2022 Update
Annual policy review completed with a literature search using the MEDLINE database through December 2022. No new literature was identified that would prompt a change in the coverage statement.
 
2023 Update
Annual policy review completed with a literature search using the MEDLINE database through December 2023. No new literature was identified that would prompt a change in the coverage statement.

CPT/HCPCS:
J1448Injection, trilaciclib, 1mg
J3490Unclassified drugs

References: Cosela (trilaciclib) [prescribing information]. Durham, NC: G1 Therapeutics, Inc. 2021.

Durham, NC: G1 Therapeutics, Inc. 2021.(2021) Trilaciclib prior to chemotherapy and atezolizumab in patients with newly diagnosed extensive-stage small cell lung cancer: A multicenter, randomized, double-blind, placebo-controlled Phase II trial. International Journal of Cancer. 2020 Dec 21; https://onlinelibrary.wiley.com/doi/10.1002/ijc.33453 Accessed March 4, 2021.

Hart LL, Ferrarotto R, Andric ZG, et al.(2020) Myelopreservation with Trilaciclib in Patients Receiving Topotecan for Small Cell Lung Cancer: Results from a Randomized, Double-Blind, Placebo-Controlled Phase II Study. Adv Ther. 2021 Jan;38(1):350-365. doi: 10.1007/s12325-020-01538-0. Epub 2020 Oct 29.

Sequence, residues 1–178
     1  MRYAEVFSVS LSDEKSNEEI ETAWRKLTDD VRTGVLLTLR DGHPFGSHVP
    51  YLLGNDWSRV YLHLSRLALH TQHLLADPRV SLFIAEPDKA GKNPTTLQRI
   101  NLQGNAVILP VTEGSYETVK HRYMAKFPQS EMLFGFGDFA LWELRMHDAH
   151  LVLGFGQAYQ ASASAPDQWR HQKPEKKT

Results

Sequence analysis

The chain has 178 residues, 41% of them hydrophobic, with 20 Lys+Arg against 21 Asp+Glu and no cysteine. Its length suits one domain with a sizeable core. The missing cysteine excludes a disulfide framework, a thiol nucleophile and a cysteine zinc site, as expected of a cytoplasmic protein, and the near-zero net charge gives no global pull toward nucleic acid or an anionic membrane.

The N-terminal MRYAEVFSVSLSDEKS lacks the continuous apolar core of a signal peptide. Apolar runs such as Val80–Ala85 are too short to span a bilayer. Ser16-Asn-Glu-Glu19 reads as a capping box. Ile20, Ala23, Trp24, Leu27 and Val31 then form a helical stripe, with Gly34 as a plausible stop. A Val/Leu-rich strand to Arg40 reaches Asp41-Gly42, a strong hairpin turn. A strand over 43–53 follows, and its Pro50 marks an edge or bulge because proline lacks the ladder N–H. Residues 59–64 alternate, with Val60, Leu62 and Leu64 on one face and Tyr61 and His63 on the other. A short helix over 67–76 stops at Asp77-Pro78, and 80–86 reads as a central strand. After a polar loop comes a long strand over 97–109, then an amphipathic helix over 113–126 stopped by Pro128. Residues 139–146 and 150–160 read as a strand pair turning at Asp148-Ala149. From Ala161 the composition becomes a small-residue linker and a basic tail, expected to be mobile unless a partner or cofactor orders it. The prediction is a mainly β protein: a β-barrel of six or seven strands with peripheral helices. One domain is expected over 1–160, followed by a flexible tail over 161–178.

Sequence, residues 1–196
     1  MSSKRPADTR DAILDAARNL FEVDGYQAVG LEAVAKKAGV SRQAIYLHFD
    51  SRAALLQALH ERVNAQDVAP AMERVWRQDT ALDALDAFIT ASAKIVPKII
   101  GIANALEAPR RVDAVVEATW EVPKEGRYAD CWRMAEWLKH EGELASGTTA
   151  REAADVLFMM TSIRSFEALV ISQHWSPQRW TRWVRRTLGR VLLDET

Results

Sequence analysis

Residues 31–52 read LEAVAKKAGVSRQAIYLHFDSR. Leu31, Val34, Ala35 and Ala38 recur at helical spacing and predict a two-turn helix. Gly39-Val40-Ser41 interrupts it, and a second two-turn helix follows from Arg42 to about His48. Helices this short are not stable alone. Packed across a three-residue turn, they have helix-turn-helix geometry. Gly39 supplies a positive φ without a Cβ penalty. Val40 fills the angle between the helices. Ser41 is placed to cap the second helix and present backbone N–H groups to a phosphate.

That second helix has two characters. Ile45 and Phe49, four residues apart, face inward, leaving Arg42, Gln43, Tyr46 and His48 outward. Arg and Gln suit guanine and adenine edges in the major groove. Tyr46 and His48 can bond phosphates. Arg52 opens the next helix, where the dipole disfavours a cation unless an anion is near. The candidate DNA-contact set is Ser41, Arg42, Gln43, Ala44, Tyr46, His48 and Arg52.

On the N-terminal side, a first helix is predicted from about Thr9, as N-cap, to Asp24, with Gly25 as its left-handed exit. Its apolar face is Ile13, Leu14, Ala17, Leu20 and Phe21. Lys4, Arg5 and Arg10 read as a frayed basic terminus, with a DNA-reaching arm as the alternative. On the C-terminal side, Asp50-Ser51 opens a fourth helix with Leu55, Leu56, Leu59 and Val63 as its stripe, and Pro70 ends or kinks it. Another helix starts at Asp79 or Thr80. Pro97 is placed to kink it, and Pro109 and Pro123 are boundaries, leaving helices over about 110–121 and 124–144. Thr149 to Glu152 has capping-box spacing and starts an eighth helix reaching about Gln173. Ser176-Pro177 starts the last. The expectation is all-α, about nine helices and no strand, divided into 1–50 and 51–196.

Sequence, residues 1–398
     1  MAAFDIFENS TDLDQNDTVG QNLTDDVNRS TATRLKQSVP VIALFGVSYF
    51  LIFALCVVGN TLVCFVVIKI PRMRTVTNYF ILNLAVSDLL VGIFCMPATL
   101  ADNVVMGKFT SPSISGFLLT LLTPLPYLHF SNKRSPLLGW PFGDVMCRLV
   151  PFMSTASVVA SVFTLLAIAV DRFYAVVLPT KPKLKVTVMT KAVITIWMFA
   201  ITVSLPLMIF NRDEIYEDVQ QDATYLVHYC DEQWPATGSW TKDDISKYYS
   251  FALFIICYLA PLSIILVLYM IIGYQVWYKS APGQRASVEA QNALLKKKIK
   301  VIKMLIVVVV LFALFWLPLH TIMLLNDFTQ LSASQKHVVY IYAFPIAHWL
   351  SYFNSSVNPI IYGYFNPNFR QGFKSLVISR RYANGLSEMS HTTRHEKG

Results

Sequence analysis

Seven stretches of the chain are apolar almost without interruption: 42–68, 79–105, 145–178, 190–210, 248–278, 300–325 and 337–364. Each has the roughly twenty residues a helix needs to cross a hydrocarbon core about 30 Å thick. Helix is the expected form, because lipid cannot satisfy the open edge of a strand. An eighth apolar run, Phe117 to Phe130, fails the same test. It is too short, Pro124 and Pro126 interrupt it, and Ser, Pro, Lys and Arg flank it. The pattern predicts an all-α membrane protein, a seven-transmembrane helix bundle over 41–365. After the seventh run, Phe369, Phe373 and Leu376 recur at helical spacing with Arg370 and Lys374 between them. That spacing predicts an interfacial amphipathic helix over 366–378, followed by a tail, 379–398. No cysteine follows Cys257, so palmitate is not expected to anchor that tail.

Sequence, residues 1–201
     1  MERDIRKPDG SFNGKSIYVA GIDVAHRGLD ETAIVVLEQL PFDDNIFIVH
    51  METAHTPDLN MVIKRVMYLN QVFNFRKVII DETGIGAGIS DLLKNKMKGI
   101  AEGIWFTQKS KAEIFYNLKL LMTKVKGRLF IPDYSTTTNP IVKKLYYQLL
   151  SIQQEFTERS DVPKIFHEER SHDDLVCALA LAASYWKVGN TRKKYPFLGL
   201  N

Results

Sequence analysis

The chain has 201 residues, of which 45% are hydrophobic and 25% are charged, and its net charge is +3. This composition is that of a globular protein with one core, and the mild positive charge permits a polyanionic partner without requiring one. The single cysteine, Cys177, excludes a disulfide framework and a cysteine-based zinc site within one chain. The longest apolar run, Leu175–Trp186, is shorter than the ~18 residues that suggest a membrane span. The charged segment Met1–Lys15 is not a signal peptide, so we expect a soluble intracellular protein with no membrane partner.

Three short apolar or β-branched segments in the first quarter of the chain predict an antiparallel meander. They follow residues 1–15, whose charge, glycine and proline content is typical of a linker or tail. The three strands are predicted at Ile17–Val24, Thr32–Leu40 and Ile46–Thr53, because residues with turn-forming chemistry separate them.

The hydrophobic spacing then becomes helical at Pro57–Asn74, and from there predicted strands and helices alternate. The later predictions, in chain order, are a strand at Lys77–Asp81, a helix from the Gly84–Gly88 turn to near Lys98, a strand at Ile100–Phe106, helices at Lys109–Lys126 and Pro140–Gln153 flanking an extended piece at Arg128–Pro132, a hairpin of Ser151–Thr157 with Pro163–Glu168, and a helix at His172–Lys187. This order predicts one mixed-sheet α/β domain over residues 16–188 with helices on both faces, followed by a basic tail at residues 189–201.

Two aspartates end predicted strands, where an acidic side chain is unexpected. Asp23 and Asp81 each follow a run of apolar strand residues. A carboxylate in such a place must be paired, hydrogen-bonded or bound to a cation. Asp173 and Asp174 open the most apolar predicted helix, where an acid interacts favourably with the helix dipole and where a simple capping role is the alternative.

Li C, Hart L, Owonikoko TK, et al.(2021) Trilaciclib dose selection: an integrated pharmacokinetic and pharmacodynamic analysis of preclinical data and Phase Ib/Iia studies in patients with extensive-stage small cell lung cancer. . Trilaciclib dose selection: an integrated pharmacokinetic and pharmacodynamic analysis of preclinical data and Phase Ib/IIa studies in patients with extensive-stage small cell lung cancer.

Weiss JM, Csoszi T, Maglakelidze M, et al.(2019) Myelopreservation with the CDK4/6 inhibitor trilaciclib in patients with small-cell lung cancer receiving first-line chemotherapy: a phase Ib/randomized phase II trial. Myelopreservation with the CDK4/6 inhibitor trilaciclib in patients with small-cell lung cancer receiving first-line chemotherapy: a phase Ib/randomized phase II trial.


Group specific policy will supersede this policy when applicable. This policy does not apply to the Wal-Mart Associates Group Health Plan participants or to the Tyson Group Health Plan participants.